Just got dumped and want to cry?  There's a song for that.

In love and want the world to know?  There's a song for that.

Totally pissed off?  There’s a song for that.

I recently came out of a season of hurt.  It doesn't really matter what for, just that it hurt.  All those peppy songs that were on my playlist needed to go.  It was like they were taunting me in their very delight with life.  Off they went, and in their place came a set of music that spoke to the hurting heart.   I don’t know why, but there’s something just a bit exquisite about twisting that knife one turn more, isn’t there?  It’s not that it feels good, but there’s a sense of savoring the pain.  My, that sounds masochistic.  It’s not really that. They say that it’s our trials that build our character.  That’s all nice and cliché, but I think maybe it’s tasting that very hurt that allows us to push past it.

Sometimes I wonder why, when we’re going through hard times, we seek out that music that allows us to wallow just a bit… because we do.  It seems that it would be better for us to jump to that which would motivate us to climb out of it.  But, it’s not the wallowing really. I find it’s more the comfort of knowing that somewhere, at some time, even if just for the time it took them to write that song, there was someone who understood what you felt. There is reassurance in that, in knowing that you aren’t alone.

A couple weeks of wallowing and I found that I didn’t really so much need that reassurance anymore, and the songs I found myself playing were ones that spoke of healing, of surviving, of moving forward.  There are songs for this, too, when you come to the point where you can move away from protecting the hurt, where you’ve emerged from your turtle shell to go on.  (ha!  See what I did there??)  I always appreciate music so much during this part of the healing. 

“Climbing out” seems to describe the process so well.  You start up the incline to the top, but there are always those moments where you want to give up.  It’s too hard, you can’t do it, and there’s the inclination to give up and fall back to the bottom.  Sure, it’s dark and cold down there, but you don’t have to work so hard.  Admittedly, I don’t really do a lot of climbing out of holes in my real life, so I suppose I can’t compare accurately.  But it SEEMS like it would be a good metaphor.  Right, so you’re wanting to give up… and it’s at these moments when you just can’t go on anymore that music is so valuable.  It becomes that friend at your side that says “keep going… you’re almost there.”  And combined with the REAL friends saying the same thing, it makes reaching the top quite attainable.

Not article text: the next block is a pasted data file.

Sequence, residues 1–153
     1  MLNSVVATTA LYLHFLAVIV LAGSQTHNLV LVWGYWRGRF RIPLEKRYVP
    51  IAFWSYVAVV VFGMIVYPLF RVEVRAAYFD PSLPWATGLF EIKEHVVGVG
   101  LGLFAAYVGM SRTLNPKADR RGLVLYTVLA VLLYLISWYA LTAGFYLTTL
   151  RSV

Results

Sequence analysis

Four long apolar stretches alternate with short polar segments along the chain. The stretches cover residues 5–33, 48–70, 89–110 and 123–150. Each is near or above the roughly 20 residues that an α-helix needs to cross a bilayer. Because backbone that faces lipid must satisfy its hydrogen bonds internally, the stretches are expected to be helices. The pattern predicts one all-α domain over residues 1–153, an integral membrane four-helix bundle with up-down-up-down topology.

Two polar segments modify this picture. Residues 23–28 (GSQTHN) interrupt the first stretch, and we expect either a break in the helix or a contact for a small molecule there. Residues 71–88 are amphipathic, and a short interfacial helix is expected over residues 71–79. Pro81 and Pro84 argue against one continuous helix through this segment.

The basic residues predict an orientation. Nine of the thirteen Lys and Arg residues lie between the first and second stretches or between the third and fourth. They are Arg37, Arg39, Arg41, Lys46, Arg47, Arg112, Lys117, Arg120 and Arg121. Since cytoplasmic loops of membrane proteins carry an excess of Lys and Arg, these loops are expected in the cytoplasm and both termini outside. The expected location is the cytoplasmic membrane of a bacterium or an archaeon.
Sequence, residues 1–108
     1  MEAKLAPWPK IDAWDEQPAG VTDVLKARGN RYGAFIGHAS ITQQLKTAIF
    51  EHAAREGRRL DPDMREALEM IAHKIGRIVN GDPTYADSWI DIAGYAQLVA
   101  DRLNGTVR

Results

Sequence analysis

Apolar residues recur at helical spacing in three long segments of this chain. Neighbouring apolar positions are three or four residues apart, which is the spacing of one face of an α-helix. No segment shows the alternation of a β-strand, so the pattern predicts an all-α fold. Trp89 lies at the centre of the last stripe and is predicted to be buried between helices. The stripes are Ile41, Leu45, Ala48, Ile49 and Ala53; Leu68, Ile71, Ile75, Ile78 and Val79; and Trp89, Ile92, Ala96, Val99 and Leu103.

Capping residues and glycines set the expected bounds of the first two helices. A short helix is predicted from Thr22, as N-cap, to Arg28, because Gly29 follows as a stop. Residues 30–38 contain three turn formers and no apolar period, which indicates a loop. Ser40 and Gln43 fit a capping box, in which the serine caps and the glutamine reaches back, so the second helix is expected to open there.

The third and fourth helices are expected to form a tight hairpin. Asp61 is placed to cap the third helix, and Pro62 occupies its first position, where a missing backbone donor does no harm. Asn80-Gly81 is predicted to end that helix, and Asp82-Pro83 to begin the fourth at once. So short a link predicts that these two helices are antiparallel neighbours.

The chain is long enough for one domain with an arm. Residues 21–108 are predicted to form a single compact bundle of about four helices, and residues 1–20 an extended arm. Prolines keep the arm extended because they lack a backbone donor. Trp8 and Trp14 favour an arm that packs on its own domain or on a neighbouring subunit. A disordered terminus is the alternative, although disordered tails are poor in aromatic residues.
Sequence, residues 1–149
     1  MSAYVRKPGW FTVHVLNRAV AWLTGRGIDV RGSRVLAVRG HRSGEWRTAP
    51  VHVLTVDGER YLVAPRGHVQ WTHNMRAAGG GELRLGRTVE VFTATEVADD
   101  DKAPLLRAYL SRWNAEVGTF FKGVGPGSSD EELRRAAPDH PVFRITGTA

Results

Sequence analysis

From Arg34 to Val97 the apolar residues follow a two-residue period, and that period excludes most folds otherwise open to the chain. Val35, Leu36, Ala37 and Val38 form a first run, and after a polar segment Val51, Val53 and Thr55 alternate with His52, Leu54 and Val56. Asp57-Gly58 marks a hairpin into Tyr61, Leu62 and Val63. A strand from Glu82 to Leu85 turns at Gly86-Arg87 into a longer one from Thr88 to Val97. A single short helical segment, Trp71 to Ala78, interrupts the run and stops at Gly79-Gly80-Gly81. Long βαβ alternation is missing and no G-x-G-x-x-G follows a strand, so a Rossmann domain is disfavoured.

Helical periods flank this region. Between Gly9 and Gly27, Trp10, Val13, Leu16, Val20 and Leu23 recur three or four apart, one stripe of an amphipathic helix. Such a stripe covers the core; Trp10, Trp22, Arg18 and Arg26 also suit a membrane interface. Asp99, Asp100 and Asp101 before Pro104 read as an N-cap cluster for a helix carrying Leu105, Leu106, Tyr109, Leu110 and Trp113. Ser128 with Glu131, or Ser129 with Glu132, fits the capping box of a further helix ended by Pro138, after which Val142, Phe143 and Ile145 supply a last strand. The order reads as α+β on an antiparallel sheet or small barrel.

And now, here we are at the top.  I look behind me at the six weeks that came before and I’m grateful for the music that got me through.  Thank you, my melodic friends, for being what I needed when I needed you.  I daresay there will come a time that I will need you again… and in truth, there are a couple of you that I came to love so much that you’ll get to stick around awhile yet. 

But right now, I’m ready to smile again.  I’m ready to laugh.  So welcome back, Footloose and Top Gun.  Welcome back, Brad and Little Big Town.  Welcome back, Mellencamp and Billy Joel.  I rather think that I’ve missed you and I’m ready to do a little more dancing.  I believe there’s a song for that, too.

I almost feel that I need to apologize to you, my friends and readers.  This became far more personal than I had intended when I started writing.  The blog I originally wrote in my head was far more generic!! I didn’t really want to write about this just yet.  I’m not sure I wanted to let you in this far.  I’m not sure I do even now, and I’m not sure I’ll hit that submit button come the morning.

Vulnerability comes with a price, and not one I always like paying.  But there seems little reason to do this without an attempt at honesty and openness.  Isn’t that part of why we blog?  So, if you’re reading this, it means I decided to trust you.  It means I decided to let you in.  And it means I’m hoping you love me enough to honor that.